They feel like little angels crawling up your arm,” says Jarid Manos. He is looking not to the heavenly blue Kansas sky above, however, but to an empty lot below, in a town called Hutchinson. There are probably 80 or more “angels” in this lot, Manos figures. And he wants to find them all.
Sporting a raised-fist Earth First! tattoo on his shoulder, Manos reaches into one of the hundred or so dirt-ringed holes that dot the empty lot. His colleague Paula Martin, dirt smears on her face, uses a hose from a nearby water truck to guide a mixture of water and biodegradable dish soap into the opening. Using her fingers to aerate the water, Martin creates frothy suds that fill the burrow below. The plan is that the suds will irritate the eyes of any inhabitants and force them to crawl to the surface, where Manos is waiting. Minutes later, soap suds begin to pillow out onto the ground and Manos nods his head. He feels something crawling onto his hand. Another angel. He deftly scoops up the critter, pulls it free of its home, and holds it aloft by the back of its neck.
Manos might consider his prey a gift from heaven, but it’s a creature that many Westerners would call the devil: a black-tailed prairie dog. A wet, soapy and none-too-happy prairie dog. Manos holds the animal still while Martin dabs at its face with a towel and squirts saline solution in its eyes to clear out the soap. The animal is then placed in a dog carrier half full of hay. Manos checks the hole for stragglers, and he and Martin rise from their mud-caked knees to drag the hose to another prairie dog mound.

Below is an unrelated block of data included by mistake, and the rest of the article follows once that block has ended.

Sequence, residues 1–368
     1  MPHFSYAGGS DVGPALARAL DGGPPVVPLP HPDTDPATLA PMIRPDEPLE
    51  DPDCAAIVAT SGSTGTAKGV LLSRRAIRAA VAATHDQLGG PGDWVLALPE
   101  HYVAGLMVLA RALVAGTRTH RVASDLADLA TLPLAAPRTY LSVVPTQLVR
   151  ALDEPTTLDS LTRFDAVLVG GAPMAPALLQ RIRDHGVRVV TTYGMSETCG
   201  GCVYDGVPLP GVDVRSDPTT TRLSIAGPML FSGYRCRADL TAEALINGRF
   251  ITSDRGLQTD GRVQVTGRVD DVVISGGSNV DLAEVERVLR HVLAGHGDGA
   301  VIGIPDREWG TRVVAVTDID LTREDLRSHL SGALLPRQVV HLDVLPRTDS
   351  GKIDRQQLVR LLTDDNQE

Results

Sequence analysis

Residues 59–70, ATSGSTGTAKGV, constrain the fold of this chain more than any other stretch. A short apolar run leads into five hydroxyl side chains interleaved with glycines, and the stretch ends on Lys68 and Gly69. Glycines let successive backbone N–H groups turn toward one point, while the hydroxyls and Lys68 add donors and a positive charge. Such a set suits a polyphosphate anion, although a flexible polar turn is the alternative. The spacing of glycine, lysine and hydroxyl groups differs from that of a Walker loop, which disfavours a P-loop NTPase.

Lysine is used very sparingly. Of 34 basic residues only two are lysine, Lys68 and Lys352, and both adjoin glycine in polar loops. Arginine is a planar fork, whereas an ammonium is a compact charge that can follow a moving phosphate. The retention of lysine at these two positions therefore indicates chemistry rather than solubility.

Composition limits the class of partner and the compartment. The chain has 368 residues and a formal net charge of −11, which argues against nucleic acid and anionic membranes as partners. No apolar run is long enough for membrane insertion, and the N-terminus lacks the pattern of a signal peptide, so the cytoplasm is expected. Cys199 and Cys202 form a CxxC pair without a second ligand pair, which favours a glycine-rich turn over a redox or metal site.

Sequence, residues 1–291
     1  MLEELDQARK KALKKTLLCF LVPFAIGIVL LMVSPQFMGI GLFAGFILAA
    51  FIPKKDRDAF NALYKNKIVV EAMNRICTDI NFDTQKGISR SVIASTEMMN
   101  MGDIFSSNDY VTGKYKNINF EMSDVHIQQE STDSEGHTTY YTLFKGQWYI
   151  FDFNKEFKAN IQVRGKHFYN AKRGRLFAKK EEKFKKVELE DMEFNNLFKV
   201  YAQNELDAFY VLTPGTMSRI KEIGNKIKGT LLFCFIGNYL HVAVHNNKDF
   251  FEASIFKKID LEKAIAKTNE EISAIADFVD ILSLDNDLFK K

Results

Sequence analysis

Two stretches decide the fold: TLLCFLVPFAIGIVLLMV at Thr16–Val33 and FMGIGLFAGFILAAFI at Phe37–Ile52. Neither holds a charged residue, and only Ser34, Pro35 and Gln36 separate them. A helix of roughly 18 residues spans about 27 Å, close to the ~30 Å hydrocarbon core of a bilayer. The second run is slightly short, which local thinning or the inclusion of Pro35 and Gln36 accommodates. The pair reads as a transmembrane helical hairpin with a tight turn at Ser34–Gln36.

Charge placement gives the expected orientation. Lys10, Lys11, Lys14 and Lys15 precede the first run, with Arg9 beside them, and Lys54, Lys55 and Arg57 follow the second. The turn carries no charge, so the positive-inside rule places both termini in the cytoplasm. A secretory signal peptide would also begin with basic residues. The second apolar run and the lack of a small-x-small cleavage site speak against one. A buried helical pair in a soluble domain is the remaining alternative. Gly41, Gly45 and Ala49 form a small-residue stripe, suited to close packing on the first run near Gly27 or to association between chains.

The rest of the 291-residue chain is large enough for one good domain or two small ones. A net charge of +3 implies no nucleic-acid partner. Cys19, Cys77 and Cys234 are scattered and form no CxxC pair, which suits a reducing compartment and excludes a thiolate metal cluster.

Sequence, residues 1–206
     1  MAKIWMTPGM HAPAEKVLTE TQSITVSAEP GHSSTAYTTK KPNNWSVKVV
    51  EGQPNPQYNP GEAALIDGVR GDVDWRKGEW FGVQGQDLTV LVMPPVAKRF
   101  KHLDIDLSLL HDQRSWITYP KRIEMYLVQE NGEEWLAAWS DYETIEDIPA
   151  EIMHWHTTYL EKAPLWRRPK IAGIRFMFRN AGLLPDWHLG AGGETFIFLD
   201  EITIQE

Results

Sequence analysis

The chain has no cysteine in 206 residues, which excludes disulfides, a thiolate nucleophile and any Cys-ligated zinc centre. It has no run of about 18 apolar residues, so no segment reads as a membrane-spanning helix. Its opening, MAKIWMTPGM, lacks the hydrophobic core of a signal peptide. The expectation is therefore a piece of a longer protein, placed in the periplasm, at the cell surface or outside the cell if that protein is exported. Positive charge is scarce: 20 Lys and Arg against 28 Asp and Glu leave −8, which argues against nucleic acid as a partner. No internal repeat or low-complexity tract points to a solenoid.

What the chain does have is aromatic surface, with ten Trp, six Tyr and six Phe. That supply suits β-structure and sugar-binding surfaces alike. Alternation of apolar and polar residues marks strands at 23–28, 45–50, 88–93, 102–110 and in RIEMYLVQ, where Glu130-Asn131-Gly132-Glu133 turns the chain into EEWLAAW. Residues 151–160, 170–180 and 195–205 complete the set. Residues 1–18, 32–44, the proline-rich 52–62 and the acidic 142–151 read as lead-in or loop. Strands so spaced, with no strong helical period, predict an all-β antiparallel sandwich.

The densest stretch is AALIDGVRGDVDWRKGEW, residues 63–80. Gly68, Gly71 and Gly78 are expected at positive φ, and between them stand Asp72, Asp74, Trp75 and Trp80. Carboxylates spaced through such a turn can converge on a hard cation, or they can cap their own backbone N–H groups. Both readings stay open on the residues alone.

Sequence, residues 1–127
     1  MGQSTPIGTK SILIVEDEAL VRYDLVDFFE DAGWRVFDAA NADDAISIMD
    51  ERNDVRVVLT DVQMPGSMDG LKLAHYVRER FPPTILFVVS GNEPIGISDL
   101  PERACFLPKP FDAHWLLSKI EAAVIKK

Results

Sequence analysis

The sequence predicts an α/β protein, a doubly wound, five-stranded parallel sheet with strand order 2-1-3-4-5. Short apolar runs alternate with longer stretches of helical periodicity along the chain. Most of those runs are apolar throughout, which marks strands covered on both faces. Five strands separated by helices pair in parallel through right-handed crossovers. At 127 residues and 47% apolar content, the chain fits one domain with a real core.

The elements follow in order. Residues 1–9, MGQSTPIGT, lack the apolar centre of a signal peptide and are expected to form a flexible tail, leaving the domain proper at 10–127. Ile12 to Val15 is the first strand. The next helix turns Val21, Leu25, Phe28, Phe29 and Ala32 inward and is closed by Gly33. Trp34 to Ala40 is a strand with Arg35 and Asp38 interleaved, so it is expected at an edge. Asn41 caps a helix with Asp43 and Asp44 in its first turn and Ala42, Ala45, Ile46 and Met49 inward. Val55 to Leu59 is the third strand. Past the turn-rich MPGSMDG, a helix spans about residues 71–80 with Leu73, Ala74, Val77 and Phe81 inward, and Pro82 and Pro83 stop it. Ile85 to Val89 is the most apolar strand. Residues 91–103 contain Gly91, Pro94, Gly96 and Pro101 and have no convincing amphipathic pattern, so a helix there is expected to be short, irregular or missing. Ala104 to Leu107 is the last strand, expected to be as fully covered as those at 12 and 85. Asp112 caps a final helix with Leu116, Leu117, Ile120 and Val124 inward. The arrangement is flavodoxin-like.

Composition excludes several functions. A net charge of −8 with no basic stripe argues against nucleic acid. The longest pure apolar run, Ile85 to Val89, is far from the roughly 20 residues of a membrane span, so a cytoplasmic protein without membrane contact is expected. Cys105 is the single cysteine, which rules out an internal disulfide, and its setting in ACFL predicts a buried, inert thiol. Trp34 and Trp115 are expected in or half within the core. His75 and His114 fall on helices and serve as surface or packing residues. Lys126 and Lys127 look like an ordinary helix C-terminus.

As they move across the lot, Manos and Martin are surrounded by 30 or more people: animal-loving volunteers, a troop of seventh-graders and curious neighborhood residents. Also tagging along are newspaper reporters and two television crews complete with carefully coifed reporters who later do stand-ups while gingerly holding wet and wriggling prairie dogs. Prairie dogs have been big news all summer in this central Kansas town, and everyone wants to witness firsthand the fate of these controversial creatures. Some in the crowd try to anticipate which hole will be flushed out next, and rush there to stake out a good viewing spot. Others opt to stick as close as possible to Manos and Martin, at times making it nearly impossible for them to move their equipment. Once they settle in at the next hole, parents lift small children onto shoulders and newsmen hoist heavy television cameras over the crowd. Everyone wants to see.
Manos and Martin are astonished by all this attention. Members of the Denver-based Prairie Ecosystem Conservation Alliance, they spend every weekend trying to save
and relocate prairie dogs, and rarely does anyone pay much attention at all. They have come to this particular lot–driving all night from Colorado–to save a bunch of prairie dogs that the Hutchinson town council had decided must make way for a new baseball field. Some council members wanted to simply kill the pesky rodents and be done with it. A few residents, however, didn’t agree, and one wrote a letter of protest to the newspaper. “It is unfortunate that the elected council of the city of Hutchinson has no compassion on the matter of life,” wrote Janet Laird, an animal lover who lives near the lot. Laird, looking for alternatives to killing the animals, urged Martin’s group to come to Kansas. The city council finally agreed to hold off on the ball field construction and even supplied water for the rescue operation.
Manos and Martin and their newly trained local volunteers, including Laird and her friends, work the field all day Saturday and Sunday, taking few breaks from the 90-degree heat. By Sunday night 76 animals have been loaded into dog carriers and are ready for transport to their new home. Monday morning, a caravan of volunteers escorts the animals out of town, past fields of wheat and sunflowers, to the Quivira National Wildlife Refuge in Stafford, Kansas. There, the prairie dogs are placed inside a couple of large, steel water troughs from which the bottoms have been removed and which are topped with chicken wire. Food, water and a few starter holes have all been provided. The hope is that the animals will be safe from predators here until they can dig burrows. Dave Hilley, manager of the refuge, estimates that, if all goes well, they will dig out of this protective enclave in a few hours, by which time “they’ll have some ownership of the holes.”